July 22 2013 08:12 AM

The Young family incorporates agriculture into family entertainment.

Before planning your next trip to the waterpark or beach, consider spending your weekend on the farm. Not just any farm though. Young's Jersey Dairy in Yellow Springs, Ohio, offers visitors a chance to learn how a real-life dairy operates while also enjoying freshly made dairy products and having fun at their many attractions, including a miniature golf course and batting cages. The Young family has found success in providing visitors with education and entertainment while promoting family values, hard work and dairying.

The Young family takes pride in their history. Dan Young, CEO, shared how his grandfather first bought the farm in 1946. For the first several years the family focused on milking cows and farming their land. In the late '50s, they started to diversify by selling Jersey milk to the public via a self-serve operation. This was only the beginning of the brand that exists today. From the self-serve operation came a convenience store where they also sold dipped ice cream cones. In 1968, a new dairy store was built and the operation has continually evolved since.

Young's Jersey Dairy now has two restaurants, one in The Dairy Store and the other at The Golden Jersey Inn. The Dairy Store offers guests homemade ice cream, sandwiches, bakery treats and a gift shop that sells farmstead cheese with milk solely from Young's Jersey cows. The Golden Jersey Inn serves up "fresh, home style country cooked meals" for guests who are looking for comfort food and the feeling of being at home.

When guests are done enjoying their farm fresh meals, they have lots of options for fun. Mini golf, a driving range, batting cages and a giant slide are among the entertainment at Young's Jersey Dairy. The dairy also hosts special events, like a corn maze, vintage truck show, charity bike tour and farmstead cheese festival, among several others. In addition to that, Young's offer the ambiance of rural living. "We are in the family entertainment business. People like being on the farm, experiencing the country and seeing cows," said Dan Young.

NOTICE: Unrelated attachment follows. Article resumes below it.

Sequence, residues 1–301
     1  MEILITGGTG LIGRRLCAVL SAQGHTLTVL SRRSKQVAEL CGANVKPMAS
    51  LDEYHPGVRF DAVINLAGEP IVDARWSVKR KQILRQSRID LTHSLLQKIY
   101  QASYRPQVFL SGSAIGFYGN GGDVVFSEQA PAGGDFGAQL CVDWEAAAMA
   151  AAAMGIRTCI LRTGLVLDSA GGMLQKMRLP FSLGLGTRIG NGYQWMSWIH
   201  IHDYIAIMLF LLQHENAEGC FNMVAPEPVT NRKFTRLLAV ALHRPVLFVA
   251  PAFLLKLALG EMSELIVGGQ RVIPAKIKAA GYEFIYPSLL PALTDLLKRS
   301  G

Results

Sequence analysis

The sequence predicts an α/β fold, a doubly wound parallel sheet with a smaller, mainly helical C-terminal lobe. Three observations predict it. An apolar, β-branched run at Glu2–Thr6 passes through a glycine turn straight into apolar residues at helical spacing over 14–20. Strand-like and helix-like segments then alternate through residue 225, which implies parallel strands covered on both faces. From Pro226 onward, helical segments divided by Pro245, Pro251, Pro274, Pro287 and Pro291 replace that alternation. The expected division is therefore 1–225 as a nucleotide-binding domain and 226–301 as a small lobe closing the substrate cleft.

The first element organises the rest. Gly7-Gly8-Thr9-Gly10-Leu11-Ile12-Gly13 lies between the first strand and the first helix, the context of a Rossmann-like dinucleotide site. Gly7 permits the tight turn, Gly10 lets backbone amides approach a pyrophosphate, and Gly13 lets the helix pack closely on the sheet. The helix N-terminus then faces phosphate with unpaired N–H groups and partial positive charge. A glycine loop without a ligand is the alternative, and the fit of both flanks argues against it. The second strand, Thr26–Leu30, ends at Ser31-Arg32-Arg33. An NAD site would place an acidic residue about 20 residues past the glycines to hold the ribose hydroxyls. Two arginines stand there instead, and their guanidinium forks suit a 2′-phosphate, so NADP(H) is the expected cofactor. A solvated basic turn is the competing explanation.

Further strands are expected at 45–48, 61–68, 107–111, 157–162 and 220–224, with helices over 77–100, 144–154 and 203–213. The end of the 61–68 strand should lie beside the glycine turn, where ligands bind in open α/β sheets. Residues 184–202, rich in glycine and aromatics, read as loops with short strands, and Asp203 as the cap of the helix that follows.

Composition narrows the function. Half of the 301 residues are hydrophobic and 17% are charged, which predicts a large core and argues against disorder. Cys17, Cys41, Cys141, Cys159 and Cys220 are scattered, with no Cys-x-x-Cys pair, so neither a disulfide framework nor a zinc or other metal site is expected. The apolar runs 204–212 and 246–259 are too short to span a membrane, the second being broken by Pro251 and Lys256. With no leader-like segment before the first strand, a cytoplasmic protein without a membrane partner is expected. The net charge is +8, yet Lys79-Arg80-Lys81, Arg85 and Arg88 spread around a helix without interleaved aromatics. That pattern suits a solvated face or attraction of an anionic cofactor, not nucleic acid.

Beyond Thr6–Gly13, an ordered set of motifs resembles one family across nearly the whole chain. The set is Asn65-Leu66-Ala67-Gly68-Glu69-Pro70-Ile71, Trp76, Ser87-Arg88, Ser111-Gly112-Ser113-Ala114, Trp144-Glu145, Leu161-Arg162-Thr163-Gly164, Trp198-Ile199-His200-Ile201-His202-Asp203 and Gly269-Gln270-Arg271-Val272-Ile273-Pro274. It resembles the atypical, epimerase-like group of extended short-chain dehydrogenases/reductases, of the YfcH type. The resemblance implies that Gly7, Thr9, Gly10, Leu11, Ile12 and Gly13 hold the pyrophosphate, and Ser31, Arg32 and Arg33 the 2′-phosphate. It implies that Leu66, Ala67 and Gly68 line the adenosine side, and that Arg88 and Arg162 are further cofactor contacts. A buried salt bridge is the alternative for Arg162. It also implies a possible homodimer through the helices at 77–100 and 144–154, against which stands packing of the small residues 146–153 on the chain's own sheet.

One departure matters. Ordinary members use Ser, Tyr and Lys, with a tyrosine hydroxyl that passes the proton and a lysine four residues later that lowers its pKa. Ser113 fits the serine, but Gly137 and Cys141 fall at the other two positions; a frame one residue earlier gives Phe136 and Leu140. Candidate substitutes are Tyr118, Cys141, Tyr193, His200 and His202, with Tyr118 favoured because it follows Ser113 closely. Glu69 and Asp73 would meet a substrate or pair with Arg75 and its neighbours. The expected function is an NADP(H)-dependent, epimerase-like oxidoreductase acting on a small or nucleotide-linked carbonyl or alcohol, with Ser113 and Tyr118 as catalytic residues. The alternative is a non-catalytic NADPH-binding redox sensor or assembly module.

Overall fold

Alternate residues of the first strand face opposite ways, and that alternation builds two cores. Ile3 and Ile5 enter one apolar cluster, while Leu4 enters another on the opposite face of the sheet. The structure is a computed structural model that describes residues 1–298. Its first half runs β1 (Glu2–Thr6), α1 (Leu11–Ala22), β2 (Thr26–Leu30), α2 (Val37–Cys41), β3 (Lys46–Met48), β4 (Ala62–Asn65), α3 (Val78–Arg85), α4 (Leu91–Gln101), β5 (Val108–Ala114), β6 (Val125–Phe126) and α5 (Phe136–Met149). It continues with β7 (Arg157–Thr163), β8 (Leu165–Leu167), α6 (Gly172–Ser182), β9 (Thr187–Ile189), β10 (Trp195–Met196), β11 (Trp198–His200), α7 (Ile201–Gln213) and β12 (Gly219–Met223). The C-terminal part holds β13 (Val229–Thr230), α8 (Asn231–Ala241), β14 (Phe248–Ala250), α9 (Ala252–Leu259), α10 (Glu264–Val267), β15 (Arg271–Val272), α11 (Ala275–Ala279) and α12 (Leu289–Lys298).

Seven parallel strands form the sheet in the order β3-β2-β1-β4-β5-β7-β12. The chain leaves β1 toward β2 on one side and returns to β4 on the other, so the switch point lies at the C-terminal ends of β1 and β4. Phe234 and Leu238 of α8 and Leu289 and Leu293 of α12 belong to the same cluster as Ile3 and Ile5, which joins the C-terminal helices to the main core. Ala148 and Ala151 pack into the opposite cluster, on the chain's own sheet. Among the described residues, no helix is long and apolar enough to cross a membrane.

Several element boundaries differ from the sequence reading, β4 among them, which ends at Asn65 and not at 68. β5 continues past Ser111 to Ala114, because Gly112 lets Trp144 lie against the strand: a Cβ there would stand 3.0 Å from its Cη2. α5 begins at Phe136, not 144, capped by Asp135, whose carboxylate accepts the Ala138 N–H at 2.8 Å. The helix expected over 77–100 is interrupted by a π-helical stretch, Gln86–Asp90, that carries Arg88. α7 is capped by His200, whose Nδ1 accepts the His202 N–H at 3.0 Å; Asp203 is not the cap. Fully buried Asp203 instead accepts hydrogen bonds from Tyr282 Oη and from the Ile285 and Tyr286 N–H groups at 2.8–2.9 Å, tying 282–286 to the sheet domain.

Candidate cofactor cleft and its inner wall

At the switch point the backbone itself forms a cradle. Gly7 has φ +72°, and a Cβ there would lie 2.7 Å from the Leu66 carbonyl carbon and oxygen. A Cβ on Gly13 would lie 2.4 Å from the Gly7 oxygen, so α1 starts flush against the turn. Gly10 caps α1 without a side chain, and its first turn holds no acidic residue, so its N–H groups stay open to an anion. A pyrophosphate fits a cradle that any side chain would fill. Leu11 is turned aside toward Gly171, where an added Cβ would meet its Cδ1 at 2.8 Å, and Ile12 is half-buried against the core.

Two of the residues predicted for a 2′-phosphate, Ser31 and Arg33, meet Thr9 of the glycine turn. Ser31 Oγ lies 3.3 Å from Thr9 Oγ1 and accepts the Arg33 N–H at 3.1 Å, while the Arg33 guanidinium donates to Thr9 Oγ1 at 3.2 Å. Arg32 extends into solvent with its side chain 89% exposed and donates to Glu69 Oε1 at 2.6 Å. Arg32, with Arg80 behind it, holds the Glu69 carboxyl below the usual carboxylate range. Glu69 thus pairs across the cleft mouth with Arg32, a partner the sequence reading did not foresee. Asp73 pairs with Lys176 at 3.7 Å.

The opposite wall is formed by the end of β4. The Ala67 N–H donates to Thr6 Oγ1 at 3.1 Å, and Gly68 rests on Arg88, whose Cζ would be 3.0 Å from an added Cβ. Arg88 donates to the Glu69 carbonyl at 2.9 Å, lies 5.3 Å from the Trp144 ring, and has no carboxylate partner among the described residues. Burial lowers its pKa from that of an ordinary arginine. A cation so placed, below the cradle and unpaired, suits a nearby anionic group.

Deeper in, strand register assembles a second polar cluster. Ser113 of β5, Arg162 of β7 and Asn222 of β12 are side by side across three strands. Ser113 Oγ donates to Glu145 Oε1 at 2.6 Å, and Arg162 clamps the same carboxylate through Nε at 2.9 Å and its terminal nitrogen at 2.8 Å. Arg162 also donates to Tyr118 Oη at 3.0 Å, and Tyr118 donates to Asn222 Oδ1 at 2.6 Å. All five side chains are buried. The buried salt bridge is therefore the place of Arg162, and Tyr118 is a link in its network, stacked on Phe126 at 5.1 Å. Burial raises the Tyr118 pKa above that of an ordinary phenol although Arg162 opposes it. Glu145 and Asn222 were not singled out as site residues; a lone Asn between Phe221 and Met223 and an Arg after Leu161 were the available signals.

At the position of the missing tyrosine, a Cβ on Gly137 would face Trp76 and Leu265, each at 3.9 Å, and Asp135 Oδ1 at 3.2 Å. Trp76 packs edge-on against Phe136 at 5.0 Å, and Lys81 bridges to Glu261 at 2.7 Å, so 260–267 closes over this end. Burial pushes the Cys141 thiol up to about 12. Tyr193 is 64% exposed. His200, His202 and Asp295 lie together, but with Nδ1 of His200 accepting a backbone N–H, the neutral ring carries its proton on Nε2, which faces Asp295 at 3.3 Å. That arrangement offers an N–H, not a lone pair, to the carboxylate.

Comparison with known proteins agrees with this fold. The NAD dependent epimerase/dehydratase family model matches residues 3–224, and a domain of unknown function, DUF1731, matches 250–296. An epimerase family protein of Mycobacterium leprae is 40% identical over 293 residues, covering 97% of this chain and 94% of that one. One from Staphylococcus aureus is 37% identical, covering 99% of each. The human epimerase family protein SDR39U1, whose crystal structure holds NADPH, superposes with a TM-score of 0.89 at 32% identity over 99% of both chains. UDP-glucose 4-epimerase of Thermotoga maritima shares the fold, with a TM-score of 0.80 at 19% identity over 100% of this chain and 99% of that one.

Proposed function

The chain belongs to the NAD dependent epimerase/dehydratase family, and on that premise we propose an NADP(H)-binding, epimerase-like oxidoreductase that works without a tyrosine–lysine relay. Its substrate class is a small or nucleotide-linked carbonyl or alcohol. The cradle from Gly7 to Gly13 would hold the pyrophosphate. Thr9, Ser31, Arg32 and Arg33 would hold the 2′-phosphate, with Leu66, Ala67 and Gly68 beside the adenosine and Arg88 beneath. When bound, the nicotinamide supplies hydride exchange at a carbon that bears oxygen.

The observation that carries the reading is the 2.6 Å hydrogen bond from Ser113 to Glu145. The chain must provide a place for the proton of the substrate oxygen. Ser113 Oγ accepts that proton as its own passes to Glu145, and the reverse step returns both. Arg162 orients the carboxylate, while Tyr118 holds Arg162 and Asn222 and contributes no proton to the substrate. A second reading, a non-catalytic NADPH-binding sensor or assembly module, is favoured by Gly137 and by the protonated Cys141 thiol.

Part of the Young's Jersey Dairy experience is sampling their delectable cheeses. They offer six flavors of fresh cheese curds (squeakers) along with Colby, Monterey Jack, Pepper Jack, an award-winning Baby Swiss and five types/ages of Cheddar. The family has been making cheese since July 2009 and uses all of the milk from their 30 cows to do so. These cows and their cheese are fairly unique. Young's is a closed herd that feeds a homegrown alfalfa ration, with rolled corn and a 10 percent grain mix. They choose not to feed silage because they feel it changes the flavor of their cheese. Since cutting silage out of their ration, the Young's have seen more milk and greater components as well as an improvement in herd health. The alfalfa diet also makes for a unique flavor of cheese.

If you ever find yourself in the Ohio countryside, Young's Jersey Dairy would be happy to have you. Whether you are eating at The Dairy Store or playing a round of miniature golf at Udders and Putters, the hospitality is apparent. For more information check out their website, http://youngsdairy.com/.

Young's Jersey Dairy Stats
  • 1.1 million guests visit per year
  • 330 employees, 12 of which are from the Young family
  • 70,000 gallons of ice cream are made per year
  • The Jersey cows average 58 pounds of milk per day
  • 45,000 pounds of cheese are made per year; 20,000 pounds of that are cheese curds
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The author is the 25th Hoard's Dairyman editorial intern. She will be a senior at California Polytechnic State University in San Luis Obispo. At Cal Poly, Taylor is majoring in dairy science with an agricultural communications minor. Pires grew up on a 500-cow dairy in Merced County, Calif.